Wednesday, November 20

What went wrong for the Democratic Party in the 2016 presidential election?

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Throughout the run-up to the 2016 US Presidential Election, Democratic candidate Hillary Clinton was the favourite. Many could not believe that Donald Trump had achieved so much. A campaign once viewed by many of the electorate as nothing more than a publicity stunt had yielded success, leaving Trump as Clinton’s Republican challenger.

On to a winner

In the months leading up to the election, Clinton’s advantage in the polls gradually wore away, and although she did win the popular vote on Election Day, many of the crucial swing states went the way of Trump, allowing the Republican candidate to win the Oval Office. The current 2020 US Next President odds from Betfair show Trump as the favourite to retain the presidency, and if the Democratic Party is to upset those odds then it’s important they learn from what went wrong in 2016.
Clinton had much in her favour ahead of the campaign. Her policies on issues such as LGBT+ and women’s rights garnered popularity from the public, and there was a general feeling that it was high-time a female was elected US president.

Meanwhile, Trump was drawing negative coverage with his comments on issues such as immigration, as well as the alleged sexual misconduct that hung over him. Also, the fact that Obama’s approval ratings had been rising as his presidency drew to an end was a sign that the Democrats had the odds in their favour.

Where it all went wrong

Several factors contributed to the Democrats’ downfall in 2016. Few could have anticipated the popularity that Trump would ultimately enjoy. His populist campaign drew support from a section of the electorate that could get behind his direct style of campaigning and his hard-line view on immigration.

Clinton had already come through a closely fought series of Democratic primaries, with Bernie Sanders proving a formidable opponent, and the result was that she should have felt well-placed to overcome Trump’s challenge even in the face of his rising popularity.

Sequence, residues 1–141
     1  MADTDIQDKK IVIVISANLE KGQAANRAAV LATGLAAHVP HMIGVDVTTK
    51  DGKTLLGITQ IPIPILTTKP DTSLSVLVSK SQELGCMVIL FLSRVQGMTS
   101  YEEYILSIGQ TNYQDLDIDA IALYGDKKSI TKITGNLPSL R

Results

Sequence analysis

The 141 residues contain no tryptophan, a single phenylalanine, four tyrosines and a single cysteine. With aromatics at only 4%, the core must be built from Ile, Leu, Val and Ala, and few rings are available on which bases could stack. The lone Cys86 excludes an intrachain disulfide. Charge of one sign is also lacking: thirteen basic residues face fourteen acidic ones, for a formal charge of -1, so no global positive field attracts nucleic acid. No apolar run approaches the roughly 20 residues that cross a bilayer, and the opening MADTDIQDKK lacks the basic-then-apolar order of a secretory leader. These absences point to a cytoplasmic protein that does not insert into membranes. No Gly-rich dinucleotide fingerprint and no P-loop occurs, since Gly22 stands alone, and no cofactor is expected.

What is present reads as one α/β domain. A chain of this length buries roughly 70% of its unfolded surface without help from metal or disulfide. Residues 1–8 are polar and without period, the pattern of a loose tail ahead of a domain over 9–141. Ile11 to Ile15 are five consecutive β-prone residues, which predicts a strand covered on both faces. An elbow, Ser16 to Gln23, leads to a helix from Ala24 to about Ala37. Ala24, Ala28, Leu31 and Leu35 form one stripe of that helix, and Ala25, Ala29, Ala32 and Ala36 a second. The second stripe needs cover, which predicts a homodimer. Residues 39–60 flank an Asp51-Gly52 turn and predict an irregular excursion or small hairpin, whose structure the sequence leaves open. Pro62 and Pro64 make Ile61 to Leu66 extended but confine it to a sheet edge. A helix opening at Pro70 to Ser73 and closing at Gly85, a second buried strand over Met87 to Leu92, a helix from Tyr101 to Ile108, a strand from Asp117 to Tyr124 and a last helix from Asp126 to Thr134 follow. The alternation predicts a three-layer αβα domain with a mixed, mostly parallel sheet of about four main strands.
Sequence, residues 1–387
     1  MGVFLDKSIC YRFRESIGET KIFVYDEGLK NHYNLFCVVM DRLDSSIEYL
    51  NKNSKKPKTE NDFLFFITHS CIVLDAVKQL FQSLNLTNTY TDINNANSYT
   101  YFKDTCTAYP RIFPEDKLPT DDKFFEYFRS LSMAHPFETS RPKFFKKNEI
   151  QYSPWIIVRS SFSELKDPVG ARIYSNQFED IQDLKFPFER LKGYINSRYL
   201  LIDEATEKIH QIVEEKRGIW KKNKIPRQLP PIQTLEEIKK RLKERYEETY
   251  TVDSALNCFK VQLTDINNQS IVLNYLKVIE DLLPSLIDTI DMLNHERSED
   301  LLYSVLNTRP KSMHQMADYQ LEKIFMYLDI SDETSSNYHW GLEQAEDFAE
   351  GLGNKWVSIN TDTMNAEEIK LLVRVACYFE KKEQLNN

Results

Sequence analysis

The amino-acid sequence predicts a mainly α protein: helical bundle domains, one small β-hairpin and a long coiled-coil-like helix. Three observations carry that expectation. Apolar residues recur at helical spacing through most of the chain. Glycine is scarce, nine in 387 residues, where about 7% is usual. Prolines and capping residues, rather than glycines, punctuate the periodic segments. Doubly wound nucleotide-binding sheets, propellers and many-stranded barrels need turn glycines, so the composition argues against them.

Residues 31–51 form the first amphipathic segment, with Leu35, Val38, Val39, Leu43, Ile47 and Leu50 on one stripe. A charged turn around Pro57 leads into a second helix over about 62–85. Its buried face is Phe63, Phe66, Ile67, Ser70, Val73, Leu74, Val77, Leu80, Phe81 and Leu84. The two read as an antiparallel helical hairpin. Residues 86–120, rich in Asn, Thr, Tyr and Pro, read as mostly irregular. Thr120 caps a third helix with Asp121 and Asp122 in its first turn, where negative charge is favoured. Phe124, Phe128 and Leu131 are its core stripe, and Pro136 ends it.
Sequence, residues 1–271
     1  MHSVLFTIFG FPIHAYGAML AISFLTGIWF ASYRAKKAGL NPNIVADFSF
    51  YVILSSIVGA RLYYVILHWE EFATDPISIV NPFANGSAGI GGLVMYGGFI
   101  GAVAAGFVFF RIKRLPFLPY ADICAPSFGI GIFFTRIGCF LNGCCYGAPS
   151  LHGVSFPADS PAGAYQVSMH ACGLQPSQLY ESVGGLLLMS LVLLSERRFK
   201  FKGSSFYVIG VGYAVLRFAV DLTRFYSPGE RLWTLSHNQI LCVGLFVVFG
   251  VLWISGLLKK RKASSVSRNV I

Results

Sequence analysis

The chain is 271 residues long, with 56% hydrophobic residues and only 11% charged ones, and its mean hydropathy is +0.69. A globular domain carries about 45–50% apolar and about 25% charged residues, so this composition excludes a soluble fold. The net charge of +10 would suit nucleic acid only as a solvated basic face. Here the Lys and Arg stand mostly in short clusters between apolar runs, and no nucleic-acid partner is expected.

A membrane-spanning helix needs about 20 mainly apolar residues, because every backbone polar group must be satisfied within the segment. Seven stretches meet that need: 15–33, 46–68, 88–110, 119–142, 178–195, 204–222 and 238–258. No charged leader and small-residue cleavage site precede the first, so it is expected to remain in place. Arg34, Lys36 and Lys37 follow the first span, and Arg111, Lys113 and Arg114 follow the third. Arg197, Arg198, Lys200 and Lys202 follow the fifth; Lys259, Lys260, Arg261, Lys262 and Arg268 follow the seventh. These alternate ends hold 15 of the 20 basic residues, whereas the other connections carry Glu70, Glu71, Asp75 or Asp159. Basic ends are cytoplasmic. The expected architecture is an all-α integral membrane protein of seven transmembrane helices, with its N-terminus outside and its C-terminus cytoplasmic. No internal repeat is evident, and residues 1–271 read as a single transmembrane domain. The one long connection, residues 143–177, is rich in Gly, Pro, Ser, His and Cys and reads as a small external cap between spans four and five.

However, an FBI investigation into Clinton’s use of a private email server for public communications saw Clinton’s popularity take something of a nosedive. FBI director James Comey said Clinton had been “extremely careless” in how she had handled her email server. Even though no charges were filed against her, the whole investigation and fallout meant a lot of prospective voters undoubtedly lost trust in Clinton.

It was the perfect controversy for Trump to latch onto and use against the Clinton campaign. The Democratic candidate had held a significant lead over Trump in the polls up to that point, but in the aftermath of the email controversy, the two were on par with one another. Perhaps one lesson the Democratic Party can learn ahead of the 2020 election is to ensure that no such hidden controversies are waiting to disrupt their candidate’s campaign again.

The email scandal does not change the fact that Trump’s victory in the election was a surprise, particularly the margin by which he won the electoral vote. The Republican candidate won six of the swing states that Democrat Obama had won in the 2012 election, and this was the key to Trump’s success. He performed better than Clinton in those crucial parts of the country, winning the electoral vote in Florida, Iowa, Michigan, Ohio, Pennsylvania and Wisconsin.

The future for the Democrats

For 2020, a clear, focused campaign will be needed to regain a foothold in the swing states. Whoever the Democratic candidate proves to be, they must let sensible, effective policies counteract those of Trump – to take advantage of whatever ill-will may be harbouring against Trump in those parts of the country.

The 2016 election ultimately ended in disappointment for the Democratic Party, but 2020 offers a fresh chance at winning back the Oval Office with a new candidate. Whoever that proves to be, they will have a challenge on their hands defeating Trump. Choosing the right candidate with the right policies will be crucial to the Democrats’ chances of success.

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